Here are Charlie's pointers for the animation kitchen:

Apply animations with a light hand
I remember the early days of my cooking career…when I still wore a Size Small chef hat. I was making dinner for my parents and - as many cooks have done - I went a bit too crazy with the garlic. You see, I really liked garlic, and I wanted my spaghetti sauce to be really garlicky! I suppose I was a bit overzealous… I added 15 cloves. After I'd proudly laid out the plates in front of my hungry mom and dad, I noticed their eyes watering with the first taste of my creation. I realized the sauce's garlic content was a bit out-of-hand. It was that "too much of a good thing" syndrome!

Just like any fine herb or spice, animations should be used sparingly. You don't want to make your audience dizzy with too many groovy, whirling images. Think carefully about what the animation tells your audience. One good, relevant animation is a lot more satisfying than four cool-looking ones that don't necessarily add concrete information to your presentation.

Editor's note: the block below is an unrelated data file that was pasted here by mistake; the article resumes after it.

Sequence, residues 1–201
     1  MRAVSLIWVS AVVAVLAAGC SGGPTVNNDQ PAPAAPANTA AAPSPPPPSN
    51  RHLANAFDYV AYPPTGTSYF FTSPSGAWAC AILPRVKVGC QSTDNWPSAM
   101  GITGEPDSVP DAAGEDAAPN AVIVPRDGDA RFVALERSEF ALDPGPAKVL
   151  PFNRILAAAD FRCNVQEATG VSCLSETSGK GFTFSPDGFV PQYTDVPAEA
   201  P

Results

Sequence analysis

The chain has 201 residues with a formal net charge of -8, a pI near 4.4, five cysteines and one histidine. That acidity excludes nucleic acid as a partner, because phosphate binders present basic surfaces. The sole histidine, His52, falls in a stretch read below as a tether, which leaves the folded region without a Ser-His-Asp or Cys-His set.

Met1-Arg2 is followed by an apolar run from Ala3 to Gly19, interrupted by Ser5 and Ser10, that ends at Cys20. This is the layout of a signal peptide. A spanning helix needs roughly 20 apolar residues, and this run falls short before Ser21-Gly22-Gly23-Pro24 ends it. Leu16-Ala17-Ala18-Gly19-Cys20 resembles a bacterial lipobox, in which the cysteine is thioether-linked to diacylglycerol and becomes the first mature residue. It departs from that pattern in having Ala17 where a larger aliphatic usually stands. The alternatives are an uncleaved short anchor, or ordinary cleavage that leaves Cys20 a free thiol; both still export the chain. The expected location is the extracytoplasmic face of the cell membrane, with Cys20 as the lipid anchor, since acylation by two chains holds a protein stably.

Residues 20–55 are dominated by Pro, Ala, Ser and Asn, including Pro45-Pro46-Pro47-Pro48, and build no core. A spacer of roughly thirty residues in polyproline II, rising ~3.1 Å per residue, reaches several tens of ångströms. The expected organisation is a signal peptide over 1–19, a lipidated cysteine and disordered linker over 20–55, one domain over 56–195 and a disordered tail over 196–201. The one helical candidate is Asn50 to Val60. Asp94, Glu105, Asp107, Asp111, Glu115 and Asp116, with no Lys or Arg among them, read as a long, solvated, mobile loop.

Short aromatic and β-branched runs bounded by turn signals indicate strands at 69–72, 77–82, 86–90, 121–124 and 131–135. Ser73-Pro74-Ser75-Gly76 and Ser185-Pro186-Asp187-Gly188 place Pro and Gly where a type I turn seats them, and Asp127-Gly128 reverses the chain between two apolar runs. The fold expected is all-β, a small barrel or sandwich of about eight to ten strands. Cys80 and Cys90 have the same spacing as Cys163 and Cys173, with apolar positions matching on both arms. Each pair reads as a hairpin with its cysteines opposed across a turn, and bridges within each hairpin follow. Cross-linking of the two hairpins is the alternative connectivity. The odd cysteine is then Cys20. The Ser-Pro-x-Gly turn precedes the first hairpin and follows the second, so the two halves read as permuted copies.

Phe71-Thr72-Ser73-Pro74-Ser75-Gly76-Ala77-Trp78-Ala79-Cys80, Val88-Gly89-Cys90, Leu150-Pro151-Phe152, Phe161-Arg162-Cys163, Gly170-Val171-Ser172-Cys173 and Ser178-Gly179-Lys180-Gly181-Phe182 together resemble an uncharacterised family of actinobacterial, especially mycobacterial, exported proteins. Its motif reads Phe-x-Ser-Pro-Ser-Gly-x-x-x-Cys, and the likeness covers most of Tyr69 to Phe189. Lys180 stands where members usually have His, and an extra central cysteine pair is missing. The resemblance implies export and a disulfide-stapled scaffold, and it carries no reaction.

Consistency, Consistency, Consistency
When you create a meal, it's better to stick with a few basic flavors - too much variety may confuse your guests' taste buds. You don't want to serve cinnamon, oregano, dill and peppermint one after the other.

The same goes for animations: don't provide too many different varieties within the same presentation. If you use the same animation as a transition between each page, your audience will understand what is going on. They will see your transition animation and think, "Aha! There's that animation again. Now I know a new page is on the way." It could also be good to use your animations even more sparingly - for example, to introduce entirely new sections within the presentation.